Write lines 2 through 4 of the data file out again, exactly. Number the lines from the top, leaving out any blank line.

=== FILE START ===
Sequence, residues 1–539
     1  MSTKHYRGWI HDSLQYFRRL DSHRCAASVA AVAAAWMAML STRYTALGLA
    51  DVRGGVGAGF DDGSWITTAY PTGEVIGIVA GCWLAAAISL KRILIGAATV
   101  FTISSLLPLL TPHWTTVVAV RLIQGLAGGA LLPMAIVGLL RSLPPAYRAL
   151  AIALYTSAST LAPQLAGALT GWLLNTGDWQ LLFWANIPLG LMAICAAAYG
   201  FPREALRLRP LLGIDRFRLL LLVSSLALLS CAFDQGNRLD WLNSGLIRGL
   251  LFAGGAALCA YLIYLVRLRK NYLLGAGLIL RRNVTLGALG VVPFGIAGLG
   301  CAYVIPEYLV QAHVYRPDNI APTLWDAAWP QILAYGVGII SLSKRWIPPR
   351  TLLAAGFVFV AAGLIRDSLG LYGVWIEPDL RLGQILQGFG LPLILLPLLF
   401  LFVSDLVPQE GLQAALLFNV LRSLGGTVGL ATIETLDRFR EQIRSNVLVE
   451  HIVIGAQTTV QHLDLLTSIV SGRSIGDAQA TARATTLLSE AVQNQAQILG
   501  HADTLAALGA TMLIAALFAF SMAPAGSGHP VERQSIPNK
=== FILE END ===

     1  MSTKHYRGWI HDSLQYFRRL DSHRCAASVA AVAAAWMAML STRYTALGLA
    51  DVRGGVGAGF DDGSWITTAY PTGEVIGIVA GCWLAAAISL KRILIGAATV
   101  FTISSLLPLL TPHWTTVVAV RLIQGLAGGA LLPMAIVGLL RSLPPAYRAL